I’ve sorted out three issues with sound on my work laptop, and as they might be of general interest, here, have a blog post. The laptop is running Debian Linux, and using Pulseaudio as the sound server.

The problems

Issue 1 : Audio Tweakage

I want the audio to sound good (to me). More bass, more detail/audio excitation, a wider stereo image, that sort of thing.

My hearing isn’t what it used to be (middle aged high-frequency notch) so I want to be able to tweak various audio qualities to account for my audiological foibles, and the idiosyncracies of the room I’m sitting in and/or the devices I’m using.

Issue 2 : Noise Suppression

My laptop’s cooling capabilities are notoriously poorly designed, so the fan is often on, often loud, and always near enough to the built-in microphone to cause problems. When I first had the laptop and tried using the microphone on a conference call, someone said it sounded as though I was standing in front of a jet aircraft. I suspect that I had the microphone level up too high and there was some distortion involved as well, but fan noise certainly can be a problem.

So if I can squash the fan noise, and ideally any other extraneous background noises, so much the better.

Issue 3 : Echo Cancellation

In the days Before, I worked mainly at the Codethink offices, and not wanting to be a PITA to my colleagues, I used headphones when listening to music or videos, or when taking part in conference calls.

When working from home, and currently that’s still every workday, my laptop’s sound goes to an external amplifier and some half decent speakers. The sound is better than when using my headphones, and it’s more comfortable for listening for extended durations.

The major downside is that the laptop’s microphone picks up the sound coming from the speakers. This means that there can easily be a nasty echoey mess when on conference calls.

Eliminating the echo whilst still being able to listen through the amplifier and speakers would be bonza.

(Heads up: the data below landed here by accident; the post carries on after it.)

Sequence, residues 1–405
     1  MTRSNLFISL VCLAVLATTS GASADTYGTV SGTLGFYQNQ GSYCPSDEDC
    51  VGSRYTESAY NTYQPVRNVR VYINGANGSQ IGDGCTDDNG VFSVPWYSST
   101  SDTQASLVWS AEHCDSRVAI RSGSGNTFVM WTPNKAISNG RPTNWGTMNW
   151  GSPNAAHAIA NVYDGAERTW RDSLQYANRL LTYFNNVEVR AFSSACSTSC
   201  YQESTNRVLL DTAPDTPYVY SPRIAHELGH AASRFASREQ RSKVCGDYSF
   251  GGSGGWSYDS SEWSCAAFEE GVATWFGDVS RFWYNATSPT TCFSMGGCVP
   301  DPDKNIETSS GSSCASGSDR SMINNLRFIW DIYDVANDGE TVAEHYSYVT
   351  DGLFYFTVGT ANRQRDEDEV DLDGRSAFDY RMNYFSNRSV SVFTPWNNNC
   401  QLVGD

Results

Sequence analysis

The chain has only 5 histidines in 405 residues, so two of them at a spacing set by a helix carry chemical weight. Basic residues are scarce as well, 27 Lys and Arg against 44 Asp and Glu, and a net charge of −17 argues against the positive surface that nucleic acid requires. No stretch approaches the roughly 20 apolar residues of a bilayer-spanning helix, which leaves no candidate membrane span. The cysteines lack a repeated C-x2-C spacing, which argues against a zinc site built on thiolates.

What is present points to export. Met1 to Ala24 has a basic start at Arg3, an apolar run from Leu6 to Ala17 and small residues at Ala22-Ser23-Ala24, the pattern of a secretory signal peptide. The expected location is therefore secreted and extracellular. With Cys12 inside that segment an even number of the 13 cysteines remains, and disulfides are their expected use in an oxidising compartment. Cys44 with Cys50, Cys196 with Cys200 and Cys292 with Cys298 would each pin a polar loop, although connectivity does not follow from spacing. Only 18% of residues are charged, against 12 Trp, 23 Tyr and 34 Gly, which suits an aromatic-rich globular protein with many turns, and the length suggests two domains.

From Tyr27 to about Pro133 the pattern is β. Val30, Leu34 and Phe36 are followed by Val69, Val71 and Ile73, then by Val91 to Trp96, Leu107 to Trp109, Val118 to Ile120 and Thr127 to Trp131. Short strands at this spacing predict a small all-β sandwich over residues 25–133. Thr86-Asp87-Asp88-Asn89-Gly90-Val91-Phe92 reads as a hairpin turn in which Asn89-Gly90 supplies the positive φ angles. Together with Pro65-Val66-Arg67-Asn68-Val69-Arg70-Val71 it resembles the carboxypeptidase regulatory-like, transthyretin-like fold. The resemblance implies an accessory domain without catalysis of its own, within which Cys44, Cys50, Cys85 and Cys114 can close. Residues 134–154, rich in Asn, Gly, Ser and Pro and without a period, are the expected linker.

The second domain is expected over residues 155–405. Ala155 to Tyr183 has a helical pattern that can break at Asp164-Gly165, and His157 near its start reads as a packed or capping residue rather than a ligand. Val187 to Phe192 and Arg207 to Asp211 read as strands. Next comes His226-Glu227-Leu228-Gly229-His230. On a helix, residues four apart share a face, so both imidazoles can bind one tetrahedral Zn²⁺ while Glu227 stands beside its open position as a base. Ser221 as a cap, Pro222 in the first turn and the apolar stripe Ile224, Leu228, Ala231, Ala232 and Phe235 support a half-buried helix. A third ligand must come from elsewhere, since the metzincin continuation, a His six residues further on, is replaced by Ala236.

The Solutions

Sound sculpting with PulseEffects

Having done some music recording on Linux using Jack, I am familiar with using various GUIs to set up audio processing pathways, flexibly chaining together different applications and modules to process or analyze the sound signal.

So I was delighted to discover that there’s a Pulseaudio app called PulseEffects which can do something similar within Pulseaudio, albeit in a more constrained manner. PulseEffects inserts itself between sound emitting apps (e.g. Firefox when watching YouTube vids) and Pulseaudio’s output, and has a configurable effects chain.

This enables me to tweak the sound to account for the limitations of my hearing and the room I’m sitting in. It’s currently configured to boost the bass, run some audio excitation, and fettle the stereo image.

Noise suppression and Echo cancellation with pamic

When I looked into the possibility of noise suppression and/or echo cancellation in Pulseaudio, I was pointed to Pulseaudio’s module-echo-cancel and also librnnoise_ladspa.so which can be co-opted in to use by module-ladspa-sink (Pulseaudio’s generic LADSPA library wrapper module).

I found these tricky to configure, so I wrote pamic to help with that. Caveat: librnnoise_ladspa.so needs to be downloaded (or compiled) and installed manually, at least on Debian. I’ll not repeat usage instructions here, since they’re available at that Gitlab link already.

In addition to echo cancellation, module-echo-cancel can also handle noise suppression, just not quite as well as librnnoise_ladspa.so. It also uses more CPU overall. So in situations where echo cancellation isn’t required (e.g. when using headphones) pamic will use librnnoise_ladspa.so. Huzzah!

pamic is already an improvement on handcrafting the relevant Pulseaudio config, but as it’s a commandline tool you have to use it to list the available sources and sinks and then run it again with the relevant flags and values. So I’m thinking about revamping pamic as a GUI app to make it even easier to use: choose which mode you want to use, then use drop down lists to select sources and sinks as appropriate.

The fly in the ointment

PulseEffects and pamic in echo cancellation mode

I’ve got audio tweakage capabilities from PulseEffects, and echo cancellation and/or noise suppression from pamic. How about both, simultaneously? Well, pamic sets itself up as the default output, so it should just work.

The gotcha here is that pamic’s Echo-Cancel Sink Stream must be blacklisted, otherwise Pulseaudio will detect a loop and there’ll be only silence.

  1. In PulseEffects’s main tab…
  2. select Applications
  3. find the Echo-Cancel Sink Stream item and…
  4. click its Blacklist button.
  5. Restart PulseEffects

(pamic and PulseEffects must both be running of course.)

Blacklist ‘Echo-Cancel Sink Stream’

[This image is of PulseEffects 4.8.0, using some GTK theme or other, and displayed in AwesomeWM. YMWV😄]

(Bonus tip: If you need to unblacklist an app but can’t see it in the list, go to the main hamburger menu, select the Blacklist tab, click on the speaker icon, and toggle Show Blacklist Apps in Main Tab. Again, restart PulseEffects.)